A team of scientists trying to prevent premature births has turned to a new strategy: computer-assisted matchmaking.
No, these researchers aren't right-swiping on dating apps. Instead, they're using computers to match existing drugs to the medical condition they hope to treat. Their latest study, published recently in JCI Insight, suggests that a widely used antacid may be able to prevent pregnant women from going into labor early.
"The fact that we could come up with a compound that could be helpful to patients and fairly safe is very exciting to me," said senior study author Marina Sirota, PhD, a biomedical informatics scientist at the University of California, San Francisco. The study's lead author is postdoctoral scholar Brian Le, PhD, and Le and Sirota collaborated with colleagues at the March of Dimes Prematurity Research Center at Stanford University on the study.
"With this approach, we're speeding up the drug discovery process tremendously," Sirota said.
Even when doctors know in advance that there's a risk of early delivery -- such as when a woman has a history of prior preterm birth -- treatment options are limited. The only medication approved to prevent premature labor, the hormone progesterone, works for just 30% of women who receive it.
To make the drug-disease match, Sirota's team started with gene-activity data from a prior study of premature deliveries, which showed that several genes related to immune function were abnormally activated or deactivated in pregnant women who went on to deliver early.
The team compared these gene-expression patterns to a large public database describing how thousands of drugs change gene activity. They wanted to find drugs whose effect on the immune-system genes was the opposite of that observed in the disease.
"We wanted to see what drugs might reverse the gene-expression signature," Sirota said. "Our hypothesis was, if the signature is reversed by a drug, it could be therapeutic."
Eighty-three compounds, most of which are FDA-approved drugs, were potential therapeutic candidates, including progesterone. But progesterone wasn't predicted to be a top performer; when the computer scored the strength of each match, it ranked 82nd out of 83. This was encouraging, Sirota told me: The team was on track to find something better.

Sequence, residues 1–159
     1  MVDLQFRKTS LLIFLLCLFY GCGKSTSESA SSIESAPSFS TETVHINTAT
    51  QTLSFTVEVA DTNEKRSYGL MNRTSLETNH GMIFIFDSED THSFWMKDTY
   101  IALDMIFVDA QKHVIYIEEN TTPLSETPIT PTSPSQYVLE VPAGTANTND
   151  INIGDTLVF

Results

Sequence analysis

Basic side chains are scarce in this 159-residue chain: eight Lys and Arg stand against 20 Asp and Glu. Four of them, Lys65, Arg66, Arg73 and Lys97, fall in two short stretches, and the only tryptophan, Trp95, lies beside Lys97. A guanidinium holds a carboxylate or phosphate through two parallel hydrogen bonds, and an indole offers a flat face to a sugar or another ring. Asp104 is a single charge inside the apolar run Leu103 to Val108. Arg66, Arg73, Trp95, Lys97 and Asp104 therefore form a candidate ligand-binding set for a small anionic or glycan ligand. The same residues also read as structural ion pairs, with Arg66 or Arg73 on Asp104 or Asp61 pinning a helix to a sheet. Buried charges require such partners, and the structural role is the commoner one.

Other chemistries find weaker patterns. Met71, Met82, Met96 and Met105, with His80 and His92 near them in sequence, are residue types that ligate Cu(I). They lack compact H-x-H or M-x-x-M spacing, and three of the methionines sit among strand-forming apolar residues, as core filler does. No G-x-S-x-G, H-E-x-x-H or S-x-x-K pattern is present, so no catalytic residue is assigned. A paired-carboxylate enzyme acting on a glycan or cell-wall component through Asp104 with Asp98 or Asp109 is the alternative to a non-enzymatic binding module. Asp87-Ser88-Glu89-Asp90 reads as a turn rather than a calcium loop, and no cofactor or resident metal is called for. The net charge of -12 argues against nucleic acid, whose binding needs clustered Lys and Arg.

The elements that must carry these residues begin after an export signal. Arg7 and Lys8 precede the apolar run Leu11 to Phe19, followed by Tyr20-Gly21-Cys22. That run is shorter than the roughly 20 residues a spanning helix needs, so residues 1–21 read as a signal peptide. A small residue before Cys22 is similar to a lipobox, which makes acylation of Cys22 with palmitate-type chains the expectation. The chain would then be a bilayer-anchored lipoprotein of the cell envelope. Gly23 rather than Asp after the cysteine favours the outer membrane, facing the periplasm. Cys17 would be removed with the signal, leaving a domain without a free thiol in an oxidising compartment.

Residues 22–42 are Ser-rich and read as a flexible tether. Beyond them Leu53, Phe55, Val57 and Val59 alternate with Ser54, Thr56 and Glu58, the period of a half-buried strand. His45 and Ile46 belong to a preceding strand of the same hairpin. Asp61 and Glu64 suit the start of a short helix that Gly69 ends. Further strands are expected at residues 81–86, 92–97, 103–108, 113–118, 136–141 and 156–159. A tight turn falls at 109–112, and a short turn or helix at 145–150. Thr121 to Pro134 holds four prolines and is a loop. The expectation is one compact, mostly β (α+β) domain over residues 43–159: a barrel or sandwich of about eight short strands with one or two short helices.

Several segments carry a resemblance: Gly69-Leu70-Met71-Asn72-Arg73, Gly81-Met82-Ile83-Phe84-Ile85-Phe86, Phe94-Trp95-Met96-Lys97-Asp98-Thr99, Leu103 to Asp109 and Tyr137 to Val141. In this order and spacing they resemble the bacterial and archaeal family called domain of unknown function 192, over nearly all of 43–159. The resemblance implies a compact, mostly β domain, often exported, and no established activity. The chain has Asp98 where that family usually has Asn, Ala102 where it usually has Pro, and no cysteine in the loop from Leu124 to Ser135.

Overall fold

The scientists narrowed the list to drugs that are safe to take during pregnancy. Now, they had just 13 matches, with progesterone still there, low on the list.
They then chose one drug with a good safety profile and high potential to reverse gene the activity associated with prematurity. It's an antacid called lansoprazole that is typically prescribed to treat gastroesophageal reflux disease.
Next, scientists at Stanford, led by neonatologist David Stevenson, MD, the prematurity research center's principal investigator, tested lansoprazole in pregnant rodents. Again, the results were encouraging, with the drug showing signs of being able to prevent premature delivery.
Sirota hopes the research will advance quickly into studies in people. "We still need to run a clinical trial to investigate this," she said, adding that such a trial is essential before the drug could be recommended to pregnant women for preventing prematurity.
Scientists also need to develop better ways to predict which pregnant women are at risk for early delivery, since that information is key for knowing who might need the drug. However, another team at Stanford has already made good headway on that problem, too.
Photo by Tim Bish